The recession has had significant repercussions on organisations across the globe and as the economy begins to show signs of recovery, the role of the human resources department has never been so important.
As we begin to see an upturn in the jobs market, HR departments cannot be complacent as there are multiple, and at first glance, potentially conflicting priorities for companies emerging out of recession. HR professionals have a vital role to play in realising necessary cost efficiencies and the raising of performance and productivity.
We also have to maintain employee engagement and retain key talent.
During troubled times there is a temptation for organisations to call HR departments to cut headcount in order to cut payroll costs. However HR leads should remind their management teams that reactive redundancies issued during the depths of the recession only provide a short-term fix and leave organisations exposed to future problems. With the global economy turning around slowly and opportunities beginning to return to the talent pool, forward thinking organisations will have already geared up for the upturn by implementing innovative business practices and cultural change in order to differentiate themselves in a tougher market place and retain personnel. Despite some clients continuing to hire during the recession they still face staff shortages as they reach retirement age.
Indeed, organisations seeking to maximise their operational capabilities always need to factor in the people element, in order to match the capability of the workforce with requirements of the business. A key way in which HR departments can boost capability is through the implementation of human capital measurement strategies. These can enable organisations to understand and optimise the relationships between investment strategies, people management and business performance, to fully meet the needs of the business. Companies are increasingly seeking ways to implement integrated talent management solutions (through ERP or SaaS) to not only drive greater process efficiency but to create a vastly improved manager and employee experience around critical talent processes.
The HR function itself should also be re-evaluated on an ongoing basis in order to ensure it is running as efficiently and effectively as possible - it is not the arduous task most people think and it is vital if the role of HR is to grow and evolve. Performance management programmes can be put in place or refreshed to ensure that all employees are delivering to their full potential and this in turn can help create a culture that is flexible and responsive to customer needs and focused on improvement. Ensuring that you are structured for success and that your operating model is as effective as possible in delivering business priorities will also deliver significant cost and productivity benefits. Indeed, Capgemini has embarked on an HR transformation that includes new competency management frameworks, learning maps and career path guidelines.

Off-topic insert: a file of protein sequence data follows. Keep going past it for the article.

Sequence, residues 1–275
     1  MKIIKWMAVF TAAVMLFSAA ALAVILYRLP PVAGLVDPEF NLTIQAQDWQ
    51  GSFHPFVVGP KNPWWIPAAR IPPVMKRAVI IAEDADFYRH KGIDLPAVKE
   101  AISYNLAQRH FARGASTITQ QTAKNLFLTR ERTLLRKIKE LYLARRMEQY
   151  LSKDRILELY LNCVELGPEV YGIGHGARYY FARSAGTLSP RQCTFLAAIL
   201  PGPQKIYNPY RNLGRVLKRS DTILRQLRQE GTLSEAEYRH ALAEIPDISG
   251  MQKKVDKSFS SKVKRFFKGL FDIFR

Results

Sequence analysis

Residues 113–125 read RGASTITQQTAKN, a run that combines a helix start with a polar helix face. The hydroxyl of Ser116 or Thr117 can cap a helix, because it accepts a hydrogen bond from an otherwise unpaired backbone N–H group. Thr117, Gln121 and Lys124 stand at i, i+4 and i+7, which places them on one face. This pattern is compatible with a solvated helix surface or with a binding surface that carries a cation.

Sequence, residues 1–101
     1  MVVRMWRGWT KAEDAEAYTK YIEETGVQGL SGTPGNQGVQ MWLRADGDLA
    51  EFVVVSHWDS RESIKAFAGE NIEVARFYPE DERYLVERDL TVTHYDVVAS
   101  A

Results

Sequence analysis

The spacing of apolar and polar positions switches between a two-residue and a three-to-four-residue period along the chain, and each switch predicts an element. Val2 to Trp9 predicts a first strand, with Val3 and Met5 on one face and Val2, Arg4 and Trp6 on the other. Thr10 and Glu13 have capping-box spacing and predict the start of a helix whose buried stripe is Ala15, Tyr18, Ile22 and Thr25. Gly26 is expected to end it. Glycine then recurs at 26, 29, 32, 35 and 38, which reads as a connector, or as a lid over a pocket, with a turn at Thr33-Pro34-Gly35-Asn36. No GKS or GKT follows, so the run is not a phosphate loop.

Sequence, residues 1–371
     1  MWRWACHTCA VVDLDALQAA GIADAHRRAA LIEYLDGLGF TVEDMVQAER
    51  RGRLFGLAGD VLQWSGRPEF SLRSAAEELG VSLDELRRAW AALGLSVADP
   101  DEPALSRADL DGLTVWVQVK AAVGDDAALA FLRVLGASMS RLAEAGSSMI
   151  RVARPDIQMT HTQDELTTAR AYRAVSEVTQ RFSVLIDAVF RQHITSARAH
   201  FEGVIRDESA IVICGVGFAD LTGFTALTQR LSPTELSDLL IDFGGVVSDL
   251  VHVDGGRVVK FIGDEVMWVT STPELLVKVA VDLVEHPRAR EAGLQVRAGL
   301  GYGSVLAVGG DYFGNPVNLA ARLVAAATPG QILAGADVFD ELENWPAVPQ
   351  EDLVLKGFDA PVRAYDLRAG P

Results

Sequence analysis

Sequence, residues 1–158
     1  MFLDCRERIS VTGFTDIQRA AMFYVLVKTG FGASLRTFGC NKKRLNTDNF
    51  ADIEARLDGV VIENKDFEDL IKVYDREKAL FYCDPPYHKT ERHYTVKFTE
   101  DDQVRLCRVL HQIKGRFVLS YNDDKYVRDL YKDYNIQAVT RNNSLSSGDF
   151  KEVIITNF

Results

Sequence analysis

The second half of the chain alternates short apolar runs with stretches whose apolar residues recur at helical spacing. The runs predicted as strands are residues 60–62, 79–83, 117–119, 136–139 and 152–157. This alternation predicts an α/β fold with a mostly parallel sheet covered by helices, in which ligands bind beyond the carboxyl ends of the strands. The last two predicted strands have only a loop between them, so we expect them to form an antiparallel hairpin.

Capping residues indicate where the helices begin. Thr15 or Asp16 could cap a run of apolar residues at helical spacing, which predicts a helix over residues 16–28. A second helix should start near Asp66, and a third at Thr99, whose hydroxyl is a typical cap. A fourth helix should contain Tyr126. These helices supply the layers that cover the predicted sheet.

As the economic climate picks up in many sectors, HR departments must not be complacent about the depth of the current talent pools. It may feel premature to ‘look through' the current green shoots to the longer term. However, companies can risk losing their competitive advantage through short-sightedness. Instead we need to implement innovative working practices such as smart working strategies as these optimise the work environment, maximise employee and business cost benefits and enhance productivity. In addition, the new generation of workers expect to have access to the vast array of emerging collaboration and networking tools. They will naturally gravitate to these approaches to share knowledge, locate expertise and stay connected.
Reward strategies help drive a high performance culture, while a strong employer brand can help attract talent as well as increase retention in a highly competitive market. Indeed, employers that are keen to develop a competitive edge must pay attention to employee expectations, take them seriously and do something about it. Globalisation has intensified competition while, at the same time, employee expectations are rising.
Only the best companies with strong HR departments are meeting this challenge head on and strengthening the existing talent pool in order to fully optimise business performance both now and for the future. We have clients that have refreshed their HR strategy in order to align it with the business's five-year strategy. As well as retaining staff, identifying and developing the next generation of business leaders is essential to do this if these organisations are to remain competitive in the future. The war for talent is back on the boardroom agenda and it matters because services and products are only as good as the people delivering them.
Organisations of all sizes and sectors have faced unprecedented challenges since Lehman Brothers collapsed back in September 2008 and it has been especially hard for the HR department and management team to ensure that employees are aligned to an ever-changing business strategy. However, in order to survive an unpredictable economic climate we must not forget that organisations are the sum of their people and, during the difficult times, the effectiveness of HR strategies can make the difference between success and failure.
Barbara Spitzer is head of HR Consulting for Capgemini's Global Network
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